Chamber Does Not Speak For Business

By February 17, 2015Hot Topic, Mike Archer

By Mike Archer. Despite having supported some of the most outlandish and damaging plans and policies in recent memory; continually lobbying for the expenditure of hundreds of millions of their friends and neighbours money on self-serving schemes like Plan A, and having backed the wrong candidates in the last election, the Abbotsford Chamber of Commerce still seems to be laboring under the misconception that it speaks for or represents the business community of Abbotsford.

It doesn’t.

In a press release issued on Friday, February 13, Allan Asaph, Executive Director of the Chamber, claims to speak for the business community – Business Speaks Up On The Official Community Plan.

While the fact that the Chamber supports a political initiative in Abbotsford is usually enough to send taxpayers grabbing their wallets and sounding the alarm, the new Official Community Plan (OCP) is a welcome initiative and, though not perfect, a huge step in the right direction.

For once the Chamber is supporting a good idea.

Other than ego, what makes Asaph believe his organization, in any way, represents the business community or can be described as speaking for the business community?

The online business listings company Manta claims to have records on their site for 5,032 businesses in Abbotsford.

The City of Abbotsford says that, based on business licences issued, we have we over 6,000 businesses in Abbotsford.

The Chamber claims membership of roughly 800 members.

Based on the City of Abbotsford’s figures, that’s only 13 percent of the business community which has seen fit to join the Chamber of Commerce. As I’ve stated before, all of the chambers of commerce which I have joined or covered over the last 26 years, while made up of groups of good people who can get things done for themselves and their members, are primarily made up of small business people looking for networking opportunities and contacts in order sell their goods or services to one another.

As far as I have ever seen, they have no particular expertise in public policy, planning, or economic development. I’ve never met a Chamber of Commerce executive who knows a thing about public finance, the financing of sports arenas or hockey teams, water management systems, drug addiction, alcohol dependence, mental illness, homelessness or any of the issues into which this chamber has decided to stick its oversized nose.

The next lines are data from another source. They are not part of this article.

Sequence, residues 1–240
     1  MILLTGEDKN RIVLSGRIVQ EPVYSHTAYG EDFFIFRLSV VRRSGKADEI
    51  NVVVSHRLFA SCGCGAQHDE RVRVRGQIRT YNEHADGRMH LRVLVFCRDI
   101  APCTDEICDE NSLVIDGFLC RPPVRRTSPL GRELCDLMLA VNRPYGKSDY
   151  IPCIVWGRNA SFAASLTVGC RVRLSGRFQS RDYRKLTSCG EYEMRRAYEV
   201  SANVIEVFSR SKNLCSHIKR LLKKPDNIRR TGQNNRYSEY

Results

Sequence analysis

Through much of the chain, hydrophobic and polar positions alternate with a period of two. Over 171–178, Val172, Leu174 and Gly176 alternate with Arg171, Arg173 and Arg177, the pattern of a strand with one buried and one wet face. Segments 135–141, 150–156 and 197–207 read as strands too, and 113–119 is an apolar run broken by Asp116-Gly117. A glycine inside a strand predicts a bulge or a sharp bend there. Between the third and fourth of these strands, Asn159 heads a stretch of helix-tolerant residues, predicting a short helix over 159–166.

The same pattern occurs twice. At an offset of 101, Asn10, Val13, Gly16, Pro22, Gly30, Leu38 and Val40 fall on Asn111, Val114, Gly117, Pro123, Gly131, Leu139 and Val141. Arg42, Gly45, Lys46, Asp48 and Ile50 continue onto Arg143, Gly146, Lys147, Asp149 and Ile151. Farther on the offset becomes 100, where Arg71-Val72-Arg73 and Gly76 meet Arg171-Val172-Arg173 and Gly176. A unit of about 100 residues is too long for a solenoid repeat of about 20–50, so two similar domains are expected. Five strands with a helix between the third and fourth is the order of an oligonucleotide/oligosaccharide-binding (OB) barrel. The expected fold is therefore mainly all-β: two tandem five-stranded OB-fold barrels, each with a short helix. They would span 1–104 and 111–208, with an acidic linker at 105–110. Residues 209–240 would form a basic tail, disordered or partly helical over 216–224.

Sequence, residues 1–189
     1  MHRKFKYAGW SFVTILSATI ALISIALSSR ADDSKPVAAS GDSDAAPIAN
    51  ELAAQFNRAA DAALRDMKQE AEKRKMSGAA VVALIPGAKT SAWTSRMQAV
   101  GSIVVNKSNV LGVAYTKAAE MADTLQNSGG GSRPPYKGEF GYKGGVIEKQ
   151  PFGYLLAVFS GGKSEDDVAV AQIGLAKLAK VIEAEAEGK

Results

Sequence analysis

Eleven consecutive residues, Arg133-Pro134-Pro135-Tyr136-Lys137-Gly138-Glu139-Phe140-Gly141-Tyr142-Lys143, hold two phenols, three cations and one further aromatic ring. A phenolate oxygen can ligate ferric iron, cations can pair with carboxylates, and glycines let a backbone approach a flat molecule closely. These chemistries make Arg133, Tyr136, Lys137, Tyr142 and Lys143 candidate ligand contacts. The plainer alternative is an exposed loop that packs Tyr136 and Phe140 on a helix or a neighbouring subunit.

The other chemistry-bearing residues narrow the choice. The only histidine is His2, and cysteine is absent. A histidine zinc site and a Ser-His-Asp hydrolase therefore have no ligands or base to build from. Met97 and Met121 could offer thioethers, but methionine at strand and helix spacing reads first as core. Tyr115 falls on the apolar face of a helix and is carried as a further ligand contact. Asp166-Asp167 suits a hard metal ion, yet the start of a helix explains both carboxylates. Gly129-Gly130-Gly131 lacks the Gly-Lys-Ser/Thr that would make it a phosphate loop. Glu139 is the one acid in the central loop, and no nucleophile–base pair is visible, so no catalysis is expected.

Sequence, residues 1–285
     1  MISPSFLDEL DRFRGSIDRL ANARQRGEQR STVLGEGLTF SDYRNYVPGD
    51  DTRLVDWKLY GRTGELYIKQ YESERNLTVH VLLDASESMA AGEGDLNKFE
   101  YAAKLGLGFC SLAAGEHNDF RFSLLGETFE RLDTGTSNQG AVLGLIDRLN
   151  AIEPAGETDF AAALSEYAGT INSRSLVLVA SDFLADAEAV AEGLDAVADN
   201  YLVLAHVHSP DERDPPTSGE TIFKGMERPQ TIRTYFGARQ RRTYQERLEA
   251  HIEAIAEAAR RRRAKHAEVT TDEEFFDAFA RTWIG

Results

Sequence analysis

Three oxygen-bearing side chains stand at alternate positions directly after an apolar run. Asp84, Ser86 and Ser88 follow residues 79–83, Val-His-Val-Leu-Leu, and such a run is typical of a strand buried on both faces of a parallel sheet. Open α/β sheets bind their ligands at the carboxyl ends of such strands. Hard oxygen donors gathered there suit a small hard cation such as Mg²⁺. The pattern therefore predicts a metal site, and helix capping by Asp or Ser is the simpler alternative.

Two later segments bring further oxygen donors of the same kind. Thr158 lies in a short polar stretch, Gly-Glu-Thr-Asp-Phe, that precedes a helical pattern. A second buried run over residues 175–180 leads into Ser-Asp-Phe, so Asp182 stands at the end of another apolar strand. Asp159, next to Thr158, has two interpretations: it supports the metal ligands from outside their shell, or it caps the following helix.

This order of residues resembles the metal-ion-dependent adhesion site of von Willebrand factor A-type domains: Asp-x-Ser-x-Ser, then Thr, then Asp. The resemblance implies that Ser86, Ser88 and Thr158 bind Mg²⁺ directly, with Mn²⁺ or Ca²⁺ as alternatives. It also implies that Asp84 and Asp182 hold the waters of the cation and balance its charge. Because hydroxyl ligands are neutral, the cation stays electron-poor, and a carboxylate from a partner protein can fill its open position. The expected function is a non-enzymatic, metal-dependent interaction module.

They know how to build and protect a small business – and kudos for that – but who, other than the small number who make up the executive of the Chamber, really believes that they speak for the business community?

With a reduced presence in the backrooms of City Hall and an embarrassing track record of supporting every harebrained idea in the long list of harebrained ideas in Abbotsford over the last decade or so – from the $500,000,000 spent and still to be spent on Plan A, to their support for the $300,000,000 new water supply we didn’t need – the Chamber executive has a lot of explaining to do about the projects, plans and ideas it supports.

Its role in supporting the organizations, policies and decisions which have helped create and worsen the Abbotsford Homeless Crisis tend to make it the kind of organization forward-looking, progressive businesses might want to steer clear of.

In future Allan, please consider having your press releases say, “Chamber Speaks Up On …” rather than, “Business Speaks Up On …”

It has the benefit of being more accurate and certainly more truthful. It is also less offensive to the large majority of businesses which are not members of your organization, many of which don’t want to be associated with the incredible bad judgment your executive has shown and the enormous amount of damage you have done to your community.

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